Earlier today, The It has been drilled into changing investor sentiment regarding growth and profitability. A new report on cloud and software companies from Battery Ventures does the math on how investors can reward fast growth from unprofitable companies. Profitable Companies? — The data suggests that, at least for the time being, growth is not enough to drive up enterprise value.
For startups busy lining up new revenue with minimal burn-in, the situation is good news. For companies that raised money cheaply — and sat on huge valuations at yesterday’s valuations — the news that profitability is back in fashion is welcome. Many unicorns may now be caught between investor preferences and the shrinking value of software companies in general.
why? Because many unicorns have been invented in the 2020-2021 period on the back of rapid revenue growth more than anything else. And, while revenue multiples have skyrocketed during that time, an increasing number of startups have reached $1 billion valuations — or multiples — on the back of a small, if rapidly expanding, top line.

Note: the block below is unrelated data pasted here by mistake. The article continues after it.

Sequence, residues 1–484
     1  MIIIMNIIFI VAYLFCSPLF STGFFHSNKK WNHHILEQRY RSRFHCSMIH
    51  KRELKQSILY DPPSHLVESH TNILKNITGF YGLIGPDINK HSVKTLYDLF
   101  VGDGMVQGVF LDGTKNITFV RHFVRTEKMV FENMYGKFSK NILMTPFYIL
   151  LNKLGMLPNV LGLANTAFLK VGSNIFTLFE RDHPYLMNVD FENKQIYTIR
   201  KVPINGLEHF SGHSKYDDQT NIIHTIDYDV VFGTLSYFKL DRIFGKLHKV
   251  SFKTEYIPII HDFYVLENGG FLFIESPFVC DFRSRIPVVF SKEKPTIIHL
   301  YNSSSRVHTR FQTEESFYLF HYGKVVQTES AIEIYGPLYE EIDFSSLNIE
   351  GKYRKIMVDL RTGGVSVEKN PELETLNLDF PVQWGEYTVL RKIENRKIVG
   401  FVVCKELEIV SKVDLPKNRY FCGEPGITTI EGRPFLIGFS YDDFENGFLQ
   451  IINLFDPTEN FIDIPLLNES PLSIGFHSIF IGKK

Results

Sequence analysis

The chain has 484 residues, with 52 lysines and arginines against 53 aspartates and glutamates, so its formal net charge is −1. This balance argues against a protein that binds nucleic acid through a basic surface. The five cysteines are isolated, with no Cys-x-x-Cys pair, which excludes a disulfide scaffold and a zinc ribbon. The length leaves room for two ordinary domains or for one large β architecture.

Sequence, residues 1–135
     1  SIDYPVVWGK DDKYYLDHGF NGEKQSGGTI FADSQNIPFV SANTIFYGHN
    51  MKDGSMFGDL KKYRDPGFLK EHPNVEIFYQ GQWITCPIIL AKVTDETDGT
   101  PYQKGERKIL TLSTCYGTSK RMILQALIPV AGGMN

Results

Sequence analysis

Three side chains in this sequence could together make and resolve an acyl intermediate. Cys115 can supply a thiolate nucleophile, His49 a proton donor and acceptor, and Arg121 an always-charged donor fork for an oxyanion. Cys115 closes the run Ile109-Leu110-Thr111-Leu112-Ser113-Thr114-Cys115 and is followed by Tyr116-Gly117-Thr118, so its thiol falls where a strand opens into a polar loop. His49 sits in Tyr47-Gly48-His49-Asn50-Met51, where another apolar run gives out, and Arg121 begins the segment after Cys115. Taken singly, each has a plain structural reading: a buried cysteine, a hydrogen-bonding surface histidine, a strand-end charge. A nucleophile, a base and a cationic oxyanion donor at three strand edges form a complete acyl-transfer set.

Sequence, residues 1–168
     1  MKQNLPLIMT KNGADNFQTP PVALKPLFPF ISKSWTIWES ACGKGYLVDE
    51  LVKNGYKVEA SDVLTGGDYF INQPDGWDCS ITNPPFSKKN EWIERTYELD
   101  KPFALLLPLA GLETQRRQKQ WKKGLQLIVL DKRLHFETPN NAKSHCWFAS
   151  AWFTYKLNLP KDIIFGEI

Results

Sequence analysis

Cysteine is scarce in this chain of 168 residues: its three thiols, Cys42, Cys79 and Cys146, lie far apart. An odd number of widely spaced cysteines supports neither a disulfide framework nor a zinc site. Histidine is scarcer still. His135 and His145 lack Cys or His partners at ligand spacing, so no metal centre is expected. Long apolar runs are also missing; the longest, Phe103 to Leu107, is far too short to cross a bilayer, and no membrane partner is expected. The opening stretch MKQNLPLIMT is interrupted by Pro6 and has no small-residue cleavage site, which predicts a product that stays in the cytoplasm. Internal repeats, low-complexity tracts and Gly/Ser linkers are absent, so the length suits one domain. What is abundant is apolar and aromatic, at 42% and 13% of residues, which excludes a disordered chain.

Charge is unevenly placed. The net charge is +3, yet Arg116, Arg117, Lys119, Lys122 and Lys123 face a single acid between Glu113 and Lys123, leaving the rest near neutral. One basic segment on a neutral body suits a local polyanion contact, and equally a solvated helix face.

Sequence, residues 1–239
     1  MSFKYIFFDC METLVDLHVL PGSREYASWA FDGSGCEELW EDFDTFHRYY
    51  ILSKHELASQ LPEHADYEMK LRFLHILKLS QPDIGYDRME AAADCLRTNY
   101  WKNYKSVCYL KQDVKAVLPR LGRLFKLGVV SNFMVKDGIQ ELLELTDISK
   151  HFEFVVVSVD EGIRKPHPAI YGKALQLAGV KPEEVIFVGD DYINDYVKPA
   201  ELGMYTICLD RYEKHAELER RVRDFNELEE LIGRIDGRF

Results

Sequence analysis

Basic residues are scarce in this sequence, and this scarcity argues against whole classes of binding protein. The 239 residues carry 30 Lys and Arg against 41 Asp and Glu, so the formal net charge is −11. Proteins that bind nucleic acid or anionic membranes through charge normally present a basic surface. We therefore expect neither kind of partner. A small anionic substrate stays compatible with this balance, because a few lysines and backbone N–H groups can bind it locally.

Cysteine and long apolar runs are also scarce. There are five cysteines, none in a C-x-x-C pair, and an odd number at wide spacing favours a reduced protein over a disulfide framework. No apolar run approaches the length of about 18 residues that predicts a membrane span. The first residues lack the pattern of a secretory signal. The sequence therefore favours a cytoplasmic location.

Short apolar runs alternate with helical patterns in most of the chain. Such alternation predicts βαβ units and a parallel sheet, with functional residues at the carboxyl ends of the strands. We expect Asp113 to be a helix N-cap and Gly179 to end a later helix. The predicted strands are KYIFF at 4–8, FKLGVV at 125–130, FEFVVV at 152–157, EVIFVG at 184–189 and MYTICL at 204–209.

If earnings multiples decline, that’s bad news for unicorns. If revenue multiples decrease And Growth is losing its luster relative to profits, the high-burning unicorns that once valued something more. other They are doubly bound by changing market conditions.
Worse, Battery points to a few hard facts about how many unicorns may become public in the coming years. There is a layer of good news for real startups in the data. But there are more clouds than storms on the horizon for Bogg’s regular unicorn.
Why is math bad?
In the past 10 years, Battery counts 200 software companies that have gone public. In contrast, the venture firm counts more than 1,000 new unicorns minted at the same time. That’s a 5-1 ratio of IPOs to new billion-dollar companies.